The federal Child Support Enforcement Amendments of 1984 require each state to enact a variety of mechanisms for enforcing child support and to adopt nonbinding quantitative guidelines for support levels or lose federal funding for the Aid to Families with Dependent Children (AFDC) program. Although passage of these amendments was a significant victory for single mothers, it is too soon to know what their impact will be, and the question that must be asked is, What happened in our court system that made it necessary for the federal government to step in to what had always been a state preserve? As with alimony, the regrettable answer is that not only are many judges uninformed about women’s earning capacity and the true costs of child raising, but among some judges there is an attitude of protectionism toward men and their money and indifference to the financial struggle of women and their children.
Legally, both parents are responsible for the support of their minor children. If the parents are divorced or have never been married to one another, state laws provide that the noncustodial parent shall make payments to the custodial parent for the support of the child in accordance with the child’s needs and the standard of living the child would have enjoyed in a two-parent home. Parents may make a private agreement, enforceable in court, as to the amount and schedule of these payments, or they may be ordered by the court. The history of child support has been that awards do not remotely reflect the true costs of child raising or the parents’ incomes. Because children live with their mothers after approximately 90 percent of divorces and in almost all paternity situations, even if the full amount of the award is paid–a rare occurrence–the mother must scramble to make up the difference between payment and need.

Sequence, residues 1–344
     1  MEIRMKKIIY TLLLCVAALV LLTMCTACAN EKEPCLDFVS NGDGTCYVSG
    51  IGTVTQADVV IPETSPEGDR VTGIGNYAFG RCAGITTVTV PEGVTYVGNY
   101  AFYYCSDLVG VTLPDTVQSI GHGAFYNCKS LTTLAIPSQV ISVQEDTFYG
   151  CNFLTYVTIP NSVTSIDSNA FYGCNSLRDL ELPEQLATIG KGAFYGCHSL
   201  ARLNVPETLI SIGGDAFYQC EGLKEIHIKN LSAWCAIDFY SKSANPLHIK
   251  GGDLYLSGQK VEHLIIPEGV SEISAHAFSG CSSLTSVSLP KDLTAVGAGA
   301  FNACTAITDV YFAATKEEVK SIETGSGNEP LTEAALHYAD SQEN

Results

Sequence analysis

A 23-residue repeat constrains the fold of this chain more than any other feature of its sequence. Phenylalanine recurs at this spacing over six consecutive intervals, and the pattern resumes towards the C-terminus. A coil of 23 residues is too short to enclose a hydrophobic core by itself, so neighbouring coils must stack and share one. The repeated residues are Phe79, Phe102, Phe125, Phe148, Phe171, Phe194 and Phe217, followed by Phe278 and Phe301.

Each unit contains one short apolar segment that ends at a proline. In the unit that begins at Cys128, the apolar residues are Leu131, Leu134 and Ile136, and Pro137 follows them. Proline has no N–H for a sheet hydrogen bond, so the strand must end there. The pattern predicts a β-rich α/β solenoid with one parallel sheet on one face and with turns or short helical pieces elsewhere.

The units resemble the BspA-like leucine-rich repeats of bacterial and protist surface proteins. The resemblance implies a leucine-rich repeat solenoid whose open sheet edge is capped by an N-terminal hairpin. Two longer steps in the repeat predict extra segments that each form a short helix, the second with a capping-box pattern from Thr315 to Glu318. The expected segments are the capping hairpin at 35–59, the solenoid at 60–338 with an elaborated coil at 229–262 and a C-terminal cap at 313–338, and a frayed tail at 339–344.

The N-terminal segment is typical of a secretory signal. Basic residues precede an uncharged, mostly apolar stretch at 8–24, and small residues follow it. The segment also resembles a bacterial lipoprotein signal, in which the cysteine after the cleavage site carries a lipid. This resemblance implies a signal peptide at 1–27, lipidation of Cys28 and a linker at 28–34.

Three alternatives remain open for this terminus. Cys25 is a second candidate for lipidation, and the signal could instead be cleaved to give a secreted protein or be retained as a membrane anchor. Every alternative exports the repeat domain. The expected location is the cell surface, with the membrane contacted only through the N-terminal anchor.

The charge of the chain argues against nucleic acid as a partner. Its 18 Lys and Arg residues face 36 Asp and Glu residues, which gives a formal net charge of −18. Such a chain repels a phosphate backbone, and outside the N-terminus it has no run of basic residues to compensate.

Although it is widely believed that it is only fathers for whom gender bias is a factor in custody decisions, mothers, too, may be affected by judges’ stereotyped thinking about the true nature and role of women. The cultural stereotype of the good mother is the chaste, selfless woman who is at home and is the caretaker of her children. Women may be deprived of custody because of social relationships and life-styles that are acceptable for men.
A single mother need not even be a careerist to be deprived of custody. Merely working outside the home puts her at risk. Some judges believe that any woman at home is better than a mother at work, so when fathers remarry and tell the court they now have a wife at home full-time and can provide a proper environment for the child, there are judges who go along with this and switch custody. They see no irony in the fact that the father, like the mother, is turning his child over to a caretaker while he goes to work, because that is what men are supposed to do. This woman in-the-home standard amounts to a paternal preference because rarely is the woman who has been a full-time homemaker awarded sufficient spousal and child support to permit her to remain a homemaker, and men 35 to 44 remarry twice as often as women.
Another growing, unstated, paternal preference is the award of custody to the parent with more money, regardless of who has been the primary caretaker of the child or whether the father has a history of violence. Because fathers almost always are in a stronger financial position than mothers, making money the determinative factor amounts to a paternal preference.
The mother who initiates a divorce and seeks custody because she discovers that the father is sexually abusing the children faces particular risks. Some judges simply do not want to believe that sexual abuse and incest are realities, and their attitudes may be compounded by mental health and social work professionals. Thus, if the woman reveals her grounds for wanting the divorce, she may be branded as paranoid or as inventing stories in order to deprive the father of access to his children. Not merely unsupervised visitation but custody itself may be awarded to the father. Experts in the area of child sexual abuse often counsel women not to acknowledge what they know and to seek divorce on other grounds in order to avoid this problem.